A few minutes ago, I finished watching the final episode in this season’s Doctor Who, starring Matt Smith. A satisfying and clever end to a great story.
The show is an interesting one from a dramatic standpoint: good fiction will usually chart the journey of a character along a line describing his development. There should be a fundamental, irreversible change between the character at the beginning of the story and the character at the end. This does not work for the Doctor. How do writers get around this? They subject his companions to peril; and they have his companions undergo ‘growth’ on his behalf.
Not only this, but the stories often struggle with the problem of the ‘deus ex machina’ — solutions to story problems that arrive seemingly from outside the story itself. In today’s episode, it turns out that a prison box happened to have the ability to recreate the entire universe. As did the brain of the Doctor’s assistant, Amy Pond. This happens rather too much, but, interestingly, does not appear to wound the story fatally. Indeed, these interventions have almost become a trademark of the show.
It’s also interesting to compare my own guesses about the direction of the show, pre-broadcast, to how the show turned out. This is fairly straightforward because I wrote a speculative script in January. Overall: pretty much on the money with regards Amy’s impending marriage and the romantic relationship between her and the Doctor; and wide of the mark in terms of her profession, which turned out to be a kissogram rather than a police officer (got that from a leaked set photo). Writing the script was an enjoyable exercise, but something I probably won’t come back to, given that the plot of my story was very similar to The Beast Below.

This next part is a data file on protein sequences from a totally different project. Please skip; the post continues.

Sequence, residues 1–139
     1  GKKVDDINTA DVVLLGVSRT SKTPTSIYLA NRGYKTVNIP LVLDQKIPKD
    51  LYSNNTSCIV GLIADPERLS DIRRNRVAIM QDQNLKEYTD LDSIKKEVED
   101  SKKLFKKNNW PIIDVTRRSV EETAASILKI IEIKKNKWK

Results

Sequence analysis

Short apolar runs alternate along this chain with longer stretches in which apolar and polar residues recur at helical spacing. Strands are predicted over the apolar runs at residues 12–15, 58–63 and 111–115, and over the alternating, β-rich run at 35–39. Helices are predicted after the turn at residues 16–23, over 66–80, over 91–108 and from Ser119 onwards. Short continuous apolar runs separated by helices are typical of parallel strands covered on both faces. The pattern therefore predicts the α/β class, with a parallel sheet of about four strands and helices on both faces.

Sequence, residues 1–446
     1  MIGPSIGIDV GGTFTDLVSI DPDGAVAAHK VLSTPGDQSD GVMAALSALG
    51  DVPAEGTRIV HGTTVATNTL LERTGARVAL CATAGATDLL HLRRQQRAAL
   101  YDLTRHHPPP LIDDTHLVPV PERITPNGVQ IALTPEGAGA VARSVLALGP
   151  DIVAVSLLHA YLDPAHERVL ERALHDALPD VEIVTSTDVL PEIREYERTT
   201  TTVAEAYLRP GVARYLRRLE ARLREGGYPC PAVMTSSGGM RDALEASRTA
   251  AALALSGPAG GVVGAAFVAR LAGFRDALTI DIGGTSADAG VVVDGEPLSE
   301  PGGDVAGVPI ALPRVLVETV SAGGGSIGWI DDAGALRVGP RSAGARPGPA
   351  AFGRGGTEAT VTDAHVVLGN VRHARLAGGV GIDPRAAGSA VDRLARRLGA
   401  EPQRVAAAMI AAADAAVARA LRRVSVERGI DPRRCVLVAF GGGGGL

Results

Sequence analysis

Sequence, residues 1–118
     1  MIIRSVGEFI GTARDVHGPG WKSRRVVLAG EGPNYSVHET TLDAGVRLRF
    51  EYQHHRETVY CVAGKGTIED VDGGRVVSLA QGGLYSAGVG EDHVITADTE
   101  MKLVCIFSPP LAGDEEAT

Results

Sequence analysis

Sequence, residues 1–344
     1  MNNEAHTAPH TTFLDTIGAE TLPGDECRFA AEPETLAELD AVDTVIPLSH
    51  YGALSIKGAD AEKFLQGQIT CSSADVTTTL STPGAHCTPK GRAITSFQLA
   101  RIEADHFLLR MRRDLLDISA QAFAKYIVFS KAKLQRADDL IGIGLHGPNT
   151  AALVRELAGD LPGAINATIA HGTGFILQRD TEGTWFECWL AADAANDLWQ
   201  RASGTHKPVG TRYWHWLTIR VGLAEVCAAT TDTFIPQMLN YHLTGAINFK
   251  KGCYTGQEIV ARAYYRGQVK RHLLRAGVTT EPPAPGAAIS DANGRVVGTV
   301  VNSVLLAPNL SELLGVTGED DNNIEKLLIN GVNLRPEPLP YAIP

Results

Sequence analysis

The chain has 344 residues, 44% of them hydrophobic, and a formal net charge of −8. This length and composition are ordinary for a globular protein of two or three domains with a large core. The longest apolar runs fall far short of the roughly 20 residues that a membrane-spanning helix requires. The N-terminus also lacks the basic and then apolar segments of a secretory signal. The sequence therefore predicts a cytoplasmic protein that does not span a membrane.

DOCTOR WHO AND THE DIAMONDS OF BLOOD
1 EXT. SPACE
FX: THE SOLAR SYSTEM
Bang! The sun is a brilliant, white orb. We drift back and the sun dims. The EARTH swooshes past. The sun: dimmer and dimmer. We pass JUPITER, SATURN, URANUS until we slow down on the looming, majestic, black disc of PLUTO. It is no brighter than a tombstone on a moonlit night.
A series of SHOTS, over which we hear the NARRATOR; an old man, tired.
FX: SHOT ONE (PLUTONIAN MOUNTAINS)
FX: SHOT TWO (PLUTONIAN PLAINS)
FX: SHOT THREE (PLUTONIAN PLAINS 2)
I am one of the ancients, born in the fires that marked Creation, to die alone in the ice cold darkness at the end of all things. I wander from galaxy to galaxy, from star to star. I am the last of my kind.
2 EXT. ICY PLAIN ON PLUTO
NB All scenes on PLUTO take place at NIGHT.
FX: A BLACK PLAIN, WITH HINTS OF ROCK LIT BY MOONLIGHT. WE CAN’T SEE ANY STARS.
IN LONG SHOT ON THIS PLAIN: THE TARDIS MATERIALISES.
The WHITE LIGHT atop THE TARDIS throws a pale, steadily illumination for a few metres around it. We cannot, however, see behind the TARDIS yet.
HOLD on THE TARDIS for a BEAT.
THE TARDIS opens. Softly.
THE DOCTOR steps out. He looks mischievous, as though on the verge of a prank.
He walks onto the surface of PLUTO. His steps are comic tip-toes.
We see AMY standing at the door to THE TARDIS, smiling.
THE DOCTOR turns to her. He puts a finger to his LIPS.
THE DOCTOR removes A PIN from his pocket.
He holds it up to the light. Lets it scintillate.
He drops the PIN.
We’ve got the whole planet to ourselves?
AMY leaves THE TARDIS.
It’s not actually a planet. More of a planetoid. Or a big, inhospitable -
Wait — we’re not going to suffocate, are we?
The TARDIS is projecting an envelope of oxygen, nitrogen, and so on; the usual suspects. Fresh as an alpine meadow. Minus the cow pats, of course. That would be taking verisimilitude too far.
What should I be wearing?
THE DOCTOR has his back to AMY. She can’t see as he produces NOT JUST ANY POCKET WATCH with a GLOWING DIAL.
(looks at the watch)
AD 13 times 10 to the 4th?
It’s a date.
What? This? Now?
Of course. It wouldn’t be a date otherwise.
Well, I had no idea. You should have said earlier, in the TARDIS.
Why would I? It wasn’t AD 13 times 10 to the 4th then.
You are so alien.
AMY walks across the surface of PLUTO away, casting her eyes about.
So we’ve got a whole planet to ourselves?
It’s not a -
Whatever it is, it’s dark.
Not much sunshine this far out. Plenty of peace and quiet, though. Over-rated, I feel. Give me a kerfuffle any day of the week. Even malarkey. At shenanigins, I draw the line, obviously, like any sensible person.